Although air-cooling is still viable for the majority of users, water cooling has jumped by leaps and bounds, especially in the past couple years thanks to a few companies offering turnkey solutions. No longer restricted to hardcore enthusiasts, water-cooling has become easier to acquire and setup. Granted, it is still more complicated to setup than air coolers, but the payoff is usually better performance, and lower noise levels.
Putting together an effective water cooling solution isn't about slapping a bunch of blocks, radiator, pump and fans though, as the quality of each component is very important. Naturally, water blocks are a major part of the equation, and we got a chance to look at a PolarFLO's latest .
Here's a bit from their product page:
The PolarFLO TT CPU is the latest in pc water cooling technology. We bring you the best performance at much lower flow rates and at high flow rates. The new design is fully comprehensive and future proof. We decided to take a more feature-rich and performance approach with the TT Series. The features this series offers is unprecedented. The PolarFLO TT Series CPU block is a simple two part design. If you can change the batteries in a flashlight, you can service a PolarFLO TT CPU.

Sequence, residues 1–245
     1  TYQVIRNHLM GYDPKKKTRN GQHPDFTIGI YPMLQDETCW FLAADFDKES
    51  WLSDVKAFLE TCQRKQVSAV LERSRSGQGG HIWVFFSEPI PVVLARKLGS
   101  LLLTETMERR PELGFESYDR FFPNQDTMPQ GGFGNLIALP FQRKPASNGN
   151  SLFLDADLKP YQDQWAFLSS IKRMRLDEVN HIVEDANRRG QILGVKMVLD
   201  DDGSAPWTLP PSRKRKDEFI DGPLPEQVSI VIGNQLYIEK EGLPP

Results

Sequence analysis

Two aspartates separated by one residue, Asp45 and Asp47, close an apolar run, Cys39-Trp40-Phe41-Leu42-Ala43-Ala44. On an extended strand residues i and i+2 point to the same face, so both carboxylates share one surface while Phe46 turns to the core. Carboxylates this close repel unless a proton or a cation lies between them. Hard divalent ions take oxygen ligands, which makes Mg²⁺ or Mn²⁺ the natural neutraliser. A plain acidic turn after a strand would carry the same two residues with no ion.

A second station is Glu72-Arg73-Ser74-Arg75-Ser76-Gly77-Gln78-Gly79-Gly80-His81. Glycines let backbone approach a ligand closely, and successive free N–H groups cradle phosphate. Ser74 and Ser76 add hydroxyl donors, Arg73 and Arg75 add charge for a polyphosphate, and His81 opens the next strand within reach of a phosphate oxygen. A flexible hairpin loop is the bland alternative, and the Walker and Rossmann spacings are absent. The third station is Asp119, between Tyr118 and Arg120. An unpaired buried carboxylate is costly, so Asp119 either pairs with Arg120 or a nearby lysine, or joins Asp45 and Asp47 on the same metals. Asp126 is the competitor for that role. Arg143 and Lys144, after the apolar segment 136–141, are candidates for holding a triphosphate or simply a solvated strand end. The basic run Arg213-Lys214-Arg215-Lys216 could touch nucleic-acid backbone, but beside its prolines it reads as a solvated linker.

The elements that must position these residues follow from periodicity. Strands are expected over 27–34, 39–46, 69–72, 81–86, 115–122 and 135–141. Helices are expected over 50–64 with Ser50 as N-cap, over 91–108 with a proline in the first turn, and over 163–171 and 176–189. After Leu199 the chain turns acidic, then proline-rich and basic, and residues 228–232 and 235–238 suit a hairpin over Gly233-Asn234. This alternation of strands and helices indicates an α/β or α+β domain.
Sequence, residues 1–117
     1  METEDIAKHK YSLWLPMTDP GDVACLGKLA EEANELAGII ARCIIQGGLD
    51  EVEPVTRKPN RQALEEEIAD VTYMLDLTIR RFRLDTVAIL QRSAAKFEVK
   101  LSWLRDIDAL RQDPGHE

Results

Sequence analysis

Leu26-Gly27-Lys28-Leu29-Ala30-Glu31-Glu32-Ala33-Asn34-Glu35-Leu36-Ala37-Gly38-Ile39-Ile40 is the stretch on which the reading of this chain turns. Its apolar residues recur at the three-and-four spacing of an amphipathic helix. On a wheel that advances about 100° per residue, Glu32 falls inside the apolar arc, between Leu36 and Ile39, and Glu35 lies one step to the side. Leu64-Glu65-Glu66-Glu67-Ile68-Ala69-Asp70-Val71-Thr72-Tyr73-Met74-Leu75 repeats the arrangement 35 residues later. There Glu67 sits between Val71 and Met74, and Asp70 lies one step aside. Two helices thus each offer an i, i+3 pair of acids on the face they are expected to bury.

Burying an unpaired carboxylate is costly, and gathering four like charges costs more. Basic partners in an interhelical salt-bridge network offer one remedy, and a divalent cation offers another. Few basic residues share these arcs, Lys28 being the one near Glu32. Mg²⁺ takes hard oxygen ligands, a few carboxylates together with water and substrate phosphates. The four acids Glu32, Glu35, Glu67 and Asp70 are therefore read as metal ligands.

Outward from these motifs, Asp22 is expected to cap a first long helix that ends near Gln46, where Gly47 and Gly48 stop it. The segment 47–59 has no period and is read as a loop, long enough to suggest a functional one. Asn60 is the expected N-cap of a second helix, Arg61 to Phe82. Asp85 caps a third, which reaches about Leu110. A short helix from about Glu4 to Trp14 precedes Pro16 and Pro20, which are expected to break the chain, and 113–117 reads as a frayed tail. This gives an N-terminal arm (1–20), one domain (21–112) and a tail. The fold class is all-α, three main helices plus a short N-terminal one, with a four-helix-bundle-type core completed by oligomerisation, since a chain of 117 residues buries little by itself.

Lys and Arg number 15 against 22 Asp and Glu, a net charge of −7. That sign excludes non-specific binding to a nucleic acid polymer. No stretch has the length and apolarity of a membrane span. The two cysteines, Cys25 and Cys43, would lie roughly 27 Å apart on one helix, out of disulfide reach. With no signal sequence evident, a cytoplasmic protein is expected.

The rest of the specifications can be .
The PolarFLO TT Series CPU Water Block
We received a small box that contained the TT Series CPU block, instructions, four 6-32 x 2" screws, 8 nylon thumbnuts, 8 nylon washers, Y-splitter (only included with 3 port configuration), 2 hose clamps ( 5 hose clamps included with 3 port configuration).
We also received a universal mounting plate, which covers the AMD Socket 754, 939, 940 and Intel socket 478, 603 and 604. The TT block we received was pre-configured with the Intel LGA775 mounting plate, making PolarFLO the first major player in the water cooling market to offer a solution for the LGA775. When purchasing the block, PolarFLO will provide one of the mounting plates of your choosing at no charge, but if you need the other, you'll need to pay a small fee.
The block is composed of three major parts, which is the base, mounting plate (which is between the top of the block and the base) and the top. The top of the CPU block is made of anodized aluminum, and it is two-toned in colour. The primary colour is silver, and you can select red, black or blue as the secondary colour. There is a fourth option, which is all chrome, but expect to pay an extra $15 USD for that option. The colours are merely aesthetic, and do not change the water block's cooling properties.
One nice feature of the TT block is the ability to take it apart when a newer copper base comes out. Assuming PolarFLO sticks with the same basic design, it is conceivable that you can switch through a couple generations of copper bases until a redesign of the entire block is needed. You will also need to remove the base in order to change the mounting plate if required. There is a rubber "O" ring that creates a seal between the base and top, thus preventing leaks so long as it's properly installed.